My life objective is to ensure that our grandchildren and their generation celebrate Easter for the rest of their lives.
Why the dramatic focus?
Here’s my thinking. There is little likelihood of Christmas fading into the background of Canadian culture. On the other hand, Easter is in danger of becoming a distant memory.
Christmas time is magical. Gift giving, eggnog, Christmas carols, candy canes, Christmas lights, family gatherings and holidays all wrapped up in childhood memories. Everybody loves the season. Christmas shopping is a financial juggernaut with its Black Friday sales, pre-Christmas sales, and Boxing Day sales. The Christmas story is wonderful. A poverty-stricken, teenage mom giving birth in a barn to a baby who is celebrated by his own star and gift-bearing wisemen from the East.
Christmas is for everyone, the religious and the irreligious, agnostics, or atheists.
Easter Is a fun time as well with its Easter Egg hunts, chocolate, and a long weekend. Google “Easter” and see what comes up in stories and images. Good Friday remains embedded in the Canadian lexicon, although it’s confusing why a day that remembers the horrific execution of a Jew has anything to do with Hindus or Sikhs. The Easter story is a lot less endearing and inclusive than Christmas. It’s far more Christian than Christmas.
But with Christianity on a downward trend how long will Easter be anything more than a fading memory of Christendom?
Less than 10% of Canadians are active churchgoers, down from 64% in the ‘50s. More and more active Christians are staying home on Easter Sunday morning to bake a ham or roast some beef in preparations for a family meal. Some churches are now hosting their big productions on the Sunday before Easter because volunteers are down on the long weekend.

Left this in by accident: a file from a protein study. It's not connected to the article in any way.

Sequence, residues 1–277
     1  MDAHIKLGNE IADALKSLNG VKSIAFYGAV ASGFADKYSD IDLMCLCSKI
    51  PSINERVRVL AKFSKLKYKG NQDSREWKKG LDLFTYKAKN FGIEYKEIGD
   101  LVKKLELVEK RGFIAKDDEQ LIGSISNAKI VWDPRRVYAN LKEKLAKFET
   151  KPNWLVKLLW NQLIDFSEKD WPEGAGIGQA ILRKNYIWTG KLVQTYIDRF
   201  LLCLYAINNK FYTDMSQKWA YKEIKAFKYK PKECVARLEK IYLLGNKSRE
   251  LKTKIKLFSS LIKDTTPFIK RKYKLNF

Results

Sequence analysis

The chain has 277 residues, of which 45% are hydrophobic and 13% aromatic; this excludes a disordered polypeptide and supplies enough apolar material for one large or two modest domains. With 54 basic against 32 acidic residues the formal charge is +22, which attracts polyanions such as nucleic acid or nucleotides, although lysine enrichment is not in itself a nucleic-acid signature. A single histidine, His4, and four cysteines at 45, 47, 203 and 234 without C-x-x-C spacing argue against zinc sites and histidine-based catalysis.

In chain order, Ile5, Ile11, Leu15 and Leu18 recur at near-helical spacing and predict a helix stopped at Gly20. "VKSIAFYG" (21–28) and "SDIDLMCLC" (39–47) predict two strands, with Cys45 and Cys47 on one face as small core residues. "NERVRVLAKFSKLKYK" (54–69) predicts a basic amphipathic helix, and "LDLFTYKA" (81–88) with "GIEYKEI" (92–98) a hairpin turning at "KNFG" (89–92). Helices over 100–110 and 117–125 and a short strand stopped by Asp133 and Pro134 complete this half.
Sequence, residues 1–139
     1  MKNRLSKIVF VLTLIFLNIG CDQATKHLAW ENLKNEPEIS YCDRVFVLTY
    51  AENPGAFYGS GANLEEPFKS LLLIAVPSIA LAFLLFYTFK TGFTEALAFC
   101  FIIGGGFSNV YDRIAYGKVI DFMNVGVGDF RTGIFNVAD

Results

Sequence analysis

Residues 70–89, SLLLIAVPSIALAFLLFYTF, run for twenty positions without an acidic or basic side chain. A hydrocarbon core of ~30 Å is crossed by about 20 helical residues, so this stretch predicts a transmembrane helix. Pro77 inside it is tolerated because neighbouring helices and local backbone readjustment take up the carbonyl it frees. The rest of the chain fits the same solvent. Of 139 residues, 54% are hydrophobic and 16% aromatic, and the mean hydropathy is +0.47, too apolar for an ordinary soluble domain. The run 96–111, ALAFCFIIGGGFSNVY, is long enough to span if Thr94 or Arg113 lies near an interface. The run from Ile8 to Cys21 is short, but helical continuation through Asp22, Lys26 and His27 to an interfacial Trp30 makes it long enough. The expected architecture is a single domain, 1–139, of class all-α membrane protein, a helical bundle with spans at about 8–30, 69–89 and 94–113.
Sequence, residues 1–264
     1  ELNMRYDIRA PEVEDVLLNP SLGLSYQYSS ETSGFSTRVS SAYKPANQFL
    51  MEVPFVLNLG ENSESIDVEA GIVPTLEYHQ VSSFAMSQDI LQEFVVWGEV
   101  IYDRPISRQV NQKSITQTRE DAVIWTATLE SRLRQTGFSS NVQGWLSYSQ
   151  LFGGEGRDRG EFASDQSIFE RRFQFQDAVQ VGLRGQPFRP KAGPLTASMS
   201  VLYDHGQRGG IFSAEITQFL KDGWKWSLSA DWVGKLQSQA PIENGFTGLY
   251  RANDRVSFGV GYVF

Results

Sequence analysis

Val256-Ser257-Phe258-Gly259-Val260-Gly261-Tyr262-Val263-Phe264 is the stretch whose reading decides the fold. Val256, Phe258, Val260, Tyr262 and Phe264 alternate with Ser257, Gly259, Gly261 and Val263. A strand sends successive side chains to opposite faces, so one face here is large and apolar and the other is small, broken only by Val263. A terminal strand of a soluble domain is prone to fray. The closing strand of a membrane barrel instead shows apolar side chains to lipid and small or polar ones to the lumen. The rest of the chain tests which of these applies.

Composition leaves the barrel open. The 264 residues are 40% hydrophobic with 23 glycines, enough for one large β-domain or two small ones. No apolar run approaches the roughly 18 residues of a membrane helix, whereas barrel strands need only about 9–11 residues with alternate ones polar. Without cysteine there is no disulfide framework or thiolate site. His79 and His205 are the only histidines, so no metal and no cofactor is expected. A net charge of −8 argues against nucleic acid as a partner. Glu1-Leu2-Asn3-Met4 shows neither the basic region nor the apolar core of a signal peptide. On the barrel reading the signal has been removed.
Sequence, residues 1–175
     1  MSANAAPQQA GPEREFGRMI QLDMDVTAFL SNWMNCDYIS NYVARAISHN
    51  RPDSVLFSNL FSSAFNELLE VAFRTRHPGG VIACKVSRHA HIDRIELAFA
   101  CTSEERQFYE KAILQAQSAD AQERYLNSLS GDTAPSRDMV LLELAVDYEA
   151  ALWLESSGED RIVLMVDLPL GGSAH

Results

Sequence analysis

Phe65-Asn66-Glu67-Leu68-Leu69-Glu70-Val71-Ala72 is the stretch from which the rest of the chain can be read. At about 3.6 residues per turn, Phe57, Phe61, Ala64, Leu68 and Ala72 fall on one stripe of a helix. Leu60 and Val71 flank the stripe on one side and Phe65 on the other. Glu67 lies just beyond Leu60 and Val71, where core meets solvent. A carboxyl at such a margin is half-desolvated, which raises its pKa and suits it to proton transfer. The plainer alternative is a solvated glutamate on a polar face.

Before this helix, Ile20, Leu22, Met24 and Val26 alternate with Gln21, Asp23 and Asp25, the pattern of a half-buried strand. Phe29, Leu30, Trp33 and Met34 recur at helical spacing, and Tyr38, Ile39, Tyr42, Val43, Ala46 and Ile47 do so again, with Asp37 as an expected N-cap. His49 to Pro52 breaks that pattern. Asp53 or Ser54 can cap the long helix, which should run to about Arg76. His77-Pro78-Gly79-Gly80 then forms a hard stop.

The Crux of Christianity
Easter is about the death and resurrection of Jesus of Nazareth. This is the crux of Christianity. An entire generation is growing up with little, or no knowledge of the real meaning or significance of Easter. Canada has shifted from the dominant influence of Christendom (1867-1980) to post-Christian (1980-2021) and now to pre-Christian.
As a Christian father it’s my calling to ensure that my children know about Jesus and that I support them in following Jesus as God and Saviour. Our five grandchildren are included in that responsibility. I want them to know the wonder of God and the joy of following Jesus. And it’s not a stretch to also see my grandchildren’s generation celebrate the true meaning of Easter as my responsibility. That’s what Jesus called his followers to be about.
My goal isn’t to ensure that Easter remains embedded in the Canadian culture, but that it’s meaning is embedded in the heart and minds of my grandkids. I want them to experience the love of and beauty of Jesus. Their experience will never put them at the mercy of someone with an argument. The beauty of Jesus can withstand the strongest arguments.
I asked around to parents and grandparents about how they’re helping their families to ensure that they celebrate Easter for the rest of their lives. The list includes:
read the Easter story from the Bible with the family.
explain the resurrection to their children.
go to church on Easter Sunday.
have a family meal on Easter Sunday.
tell their children about what their faith in Jesus is all about.
I’d love to hear your ideas on the subject. What are you doing to ensure that your children, grandchildren, and their generations will celebrate Easter for the rest of their lives? Join the conversation and leave a comment below.
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